4. Software updates 

Applications and systems that don’t have the latest software updates have more problems than limited capabilities. Outdated systems can put an organization’s data and network at risk, as bad actors often look to exploit out-of-date technologies. Equifax’s 2017 data breach reportedly occurred because the company failed to install a software upgrade, and hackers gained entry.

These days, malware attacks are on the rise, with more and more malware variations regularly appearing. By proactively ensuring all software, hardware, and network infrastructure stays up to date with the latest security features, organizations can increase the chances their systems work as designed while making it that much harder for bad actors to gain entry.

5. Access management

While all employees need some sort of access to company networks, not everyone needs the same level of access to resources and applications. A systems administrator, for example, should be able to access more resources than an entry-level employee. By prioritizing IAM and reviewing privileges regularly, organizations can reduce the chances hackers exploit an over-privileged account — or that a rogue employee accesses data they’re not supposed to.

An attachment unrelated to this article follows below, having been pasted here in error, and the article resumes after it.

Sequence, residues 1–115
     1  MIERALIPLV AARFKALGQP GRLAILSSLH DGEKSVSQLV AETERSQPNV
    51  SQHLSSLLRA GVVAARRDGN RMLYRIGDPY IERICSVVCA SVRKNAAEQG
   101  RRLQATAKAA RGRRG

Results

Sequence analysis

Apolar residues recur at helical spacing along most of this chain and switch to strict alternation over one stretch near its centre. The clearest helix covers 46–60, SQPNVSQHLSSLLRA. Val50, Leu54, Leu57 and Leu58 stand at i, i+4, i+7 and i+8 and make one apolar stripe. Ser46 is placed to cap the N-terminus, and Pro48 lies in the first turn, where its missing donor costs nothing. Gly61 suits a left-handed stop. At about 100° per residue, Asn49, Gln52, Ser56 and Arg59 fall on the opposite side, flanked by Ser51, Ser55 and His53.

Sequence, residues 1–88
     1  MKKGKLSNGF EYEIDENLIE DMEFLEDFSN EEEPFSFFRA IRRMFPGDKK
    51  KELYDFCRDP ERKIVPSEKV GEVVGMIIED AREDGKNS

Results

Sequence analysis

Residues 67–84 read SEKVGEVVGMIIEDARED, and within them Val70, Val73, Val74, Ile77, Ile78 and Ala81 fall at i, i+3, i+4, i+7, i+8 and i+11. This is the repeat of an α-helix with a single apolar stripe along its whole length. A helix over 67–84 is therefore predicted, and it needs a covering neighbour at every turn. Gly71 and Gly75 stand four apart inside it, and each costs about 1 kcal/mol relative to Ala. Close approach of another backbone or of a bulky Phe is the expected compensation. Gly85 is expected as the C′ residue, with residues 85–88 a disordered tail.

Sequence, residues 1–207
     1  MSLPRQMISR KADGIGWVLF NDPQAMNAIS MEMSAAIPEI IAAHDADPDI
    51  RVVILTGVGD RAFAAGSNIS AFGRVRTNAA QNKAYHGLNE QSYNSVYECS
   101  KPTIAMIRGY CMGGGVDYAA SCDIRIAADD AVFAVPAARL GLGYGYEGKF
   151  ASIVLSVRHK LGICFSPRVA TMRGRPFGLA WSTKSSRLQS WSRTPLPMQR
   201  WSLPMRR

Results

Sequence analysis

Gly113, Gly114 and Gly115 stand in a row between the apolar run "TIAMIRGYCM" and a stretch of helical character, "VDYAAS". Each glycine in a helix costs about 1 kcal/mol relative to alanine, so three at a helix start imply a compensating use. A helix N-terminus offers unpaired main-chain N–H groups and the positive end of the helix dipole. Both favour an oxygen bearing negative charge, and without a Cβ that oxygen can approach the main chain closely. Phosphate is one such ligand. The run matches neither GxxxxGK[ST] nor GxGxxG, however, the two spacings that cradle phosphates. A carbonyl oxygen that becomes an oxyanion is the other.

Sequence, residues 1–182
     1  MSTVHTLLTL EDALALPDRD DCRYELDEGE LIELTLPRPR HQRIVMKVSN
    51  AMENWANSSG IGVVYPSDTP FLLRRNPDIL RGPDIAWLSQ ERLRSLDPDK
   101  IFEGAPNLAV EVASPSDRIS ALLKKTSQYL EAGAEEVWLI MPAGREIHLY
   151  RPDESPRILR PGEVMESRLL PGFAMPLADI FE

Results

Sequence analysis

6. Security training

An organization can have all the security solutions in the world. But that means little unless its employees are well-versed in remote access best practices. 

To this end, small business owners should consider hosting regular security training sessions to keep teams updated on the latest security protocols. These sessions can cover topics like the importance of setting complex passwords, what to do if they’re on the receiving end of a phishing attempt, and other security best practices. When every employee is aware of the organization’s remote access security protocols, data is much safer.